When a person opens an umbrella what does that tell us about the weather? When a ship’s captain brings aboard his wife and children what does that say about what he thinks of the seaworthiness of the vessel?
These are classic examples of conduct from which we make inferences.
Indeed, Judges instruct jurors that inference – really circumstantial evidence – can be as reliable, or more so, than testimonial evidence. Circumstantial evidence is not “mere” evidence and should not be disparaged.
People make inferences all the time and (forgive the rhyme) that is divine. What is not divine are those people who confuse infer with imply. When a speaker says something, or alludes to something, he/she is not inferring; he/she is implying. We, the listener, may well infer something from a statement; that is from the implication.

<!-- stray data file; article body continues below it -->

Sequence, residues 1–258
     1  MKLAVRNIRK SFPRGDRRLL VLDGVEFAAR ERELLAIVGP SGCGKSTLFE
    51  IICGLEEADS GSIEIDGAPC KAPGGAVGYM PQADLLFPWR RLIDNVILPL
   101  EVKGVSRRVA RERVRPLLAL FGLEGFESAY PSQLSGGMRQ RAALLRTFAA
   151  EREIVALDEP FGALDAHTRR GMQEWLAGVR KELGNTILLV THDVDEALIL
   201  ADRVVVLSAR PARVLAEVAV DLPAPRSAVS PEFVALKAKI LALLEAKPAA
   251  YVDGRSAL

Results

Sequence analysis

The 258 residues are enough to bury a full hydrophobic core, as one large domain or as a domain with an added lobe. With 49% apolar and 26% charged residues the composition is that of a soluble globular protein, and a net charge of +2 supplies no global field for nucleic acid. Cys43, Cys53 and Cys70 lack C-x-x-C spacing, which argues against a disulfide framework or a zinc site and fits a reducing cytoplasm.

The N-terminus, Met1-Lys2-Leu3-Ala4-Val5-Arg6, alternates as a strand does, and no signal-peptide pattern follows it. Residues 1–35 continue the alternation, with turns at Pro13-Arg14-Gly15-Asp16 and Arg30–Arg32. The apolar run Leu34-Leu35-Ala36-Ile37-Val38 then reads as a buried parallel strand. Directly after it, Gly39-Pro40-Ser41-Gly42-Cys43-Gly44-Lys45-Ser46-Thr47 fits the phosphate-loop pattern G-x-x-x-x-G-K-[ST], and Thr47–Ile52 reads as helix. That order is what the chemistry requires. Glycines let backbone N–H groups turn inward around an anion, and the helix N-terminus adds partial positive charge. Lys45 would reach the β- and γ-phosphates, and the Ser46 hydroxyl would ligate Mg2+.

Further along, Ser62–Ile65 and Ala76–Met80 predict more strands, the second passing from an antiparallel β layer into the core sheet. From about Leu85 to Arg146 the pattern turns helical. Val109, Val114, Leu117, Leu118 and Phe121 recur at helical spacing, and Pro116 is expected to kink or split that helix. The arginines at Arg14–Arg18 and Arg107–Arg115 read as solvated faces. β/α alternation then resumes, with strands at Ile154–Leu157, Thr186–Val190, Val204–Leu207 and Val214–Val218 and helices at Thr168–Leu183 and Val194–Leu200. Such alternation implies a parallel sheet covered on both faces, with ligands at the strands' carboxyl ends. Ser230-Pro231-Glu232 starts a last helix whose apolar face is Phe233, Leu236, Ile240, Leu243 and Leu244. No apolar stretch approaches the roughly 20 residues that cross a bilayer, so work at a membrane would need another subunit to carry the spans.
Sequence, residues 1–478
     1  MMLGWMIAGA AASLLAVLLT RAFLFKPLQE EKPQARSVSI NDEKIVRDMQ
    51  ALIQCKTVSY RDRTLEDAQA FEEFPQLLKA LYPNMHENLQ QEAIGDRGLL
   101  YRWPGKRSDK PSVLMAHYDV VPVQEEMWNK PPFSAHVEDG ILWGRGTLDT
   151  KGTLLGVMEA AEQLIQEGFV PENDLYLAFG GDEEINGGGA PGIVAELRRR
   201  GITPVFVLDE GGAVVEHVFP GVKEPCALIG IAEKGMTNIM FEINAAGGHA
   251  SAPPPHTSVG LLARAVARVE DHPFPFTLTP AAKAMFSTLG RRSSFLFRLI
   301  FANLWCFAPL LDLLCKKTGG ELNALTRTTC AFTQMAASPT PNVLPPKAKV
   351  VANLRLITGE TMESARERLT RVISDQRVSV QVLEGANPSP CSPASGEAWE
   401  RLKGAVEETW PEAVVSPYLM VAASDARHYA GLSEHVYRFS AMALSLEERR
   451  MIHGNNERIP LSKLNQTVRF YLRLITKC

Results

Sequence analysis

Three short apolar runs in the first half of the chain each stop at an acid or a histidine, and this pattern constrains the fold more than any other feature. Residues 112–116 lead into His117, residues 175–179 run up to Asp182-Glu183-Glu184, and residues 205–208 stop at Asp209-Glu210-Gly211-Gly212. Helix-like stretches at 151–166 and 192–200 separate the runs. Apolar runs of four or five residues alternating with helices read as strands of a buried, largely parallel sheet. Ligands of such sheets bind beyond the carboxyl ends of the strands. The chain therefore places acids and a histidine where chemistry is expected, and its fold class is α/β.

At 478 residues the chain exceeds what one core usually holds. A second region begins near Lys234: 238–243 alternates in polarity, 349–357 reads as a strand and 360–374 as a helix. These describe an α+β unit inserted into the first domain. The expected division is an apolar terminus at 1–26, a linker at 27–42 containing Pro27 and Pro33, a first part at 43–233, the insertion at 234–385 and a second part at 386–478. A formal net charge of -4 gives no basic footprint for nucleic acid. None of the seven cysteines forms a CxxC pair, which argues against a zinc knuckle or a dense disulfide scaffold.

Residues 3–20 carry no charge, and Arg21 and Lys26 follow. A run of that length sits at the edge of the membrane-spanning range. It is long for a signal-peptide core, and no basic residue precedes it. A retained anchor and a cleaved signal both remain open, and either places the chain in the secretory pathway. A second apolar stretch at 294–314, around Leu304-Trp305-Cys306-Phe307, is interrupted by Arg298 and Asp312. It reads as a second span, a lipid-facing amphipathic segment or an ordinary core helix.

When a lawyer confuses infer and imply, we may well infer that he/she is unaware of the value of circumstantial evidence. The lawyer’s misconception is unfortunate and all the more galling because the notion of inference is embedded in the law, whether criminal law or civil law, including personal injury.
The attorneys serve the entire state of Massachusetts in addition to affiliating with lawyers in other states to handle cases outside of Massachusetts.
Boston Attorneys Win Highest Injury Verdict in Massachusetts in 2011 & 2012.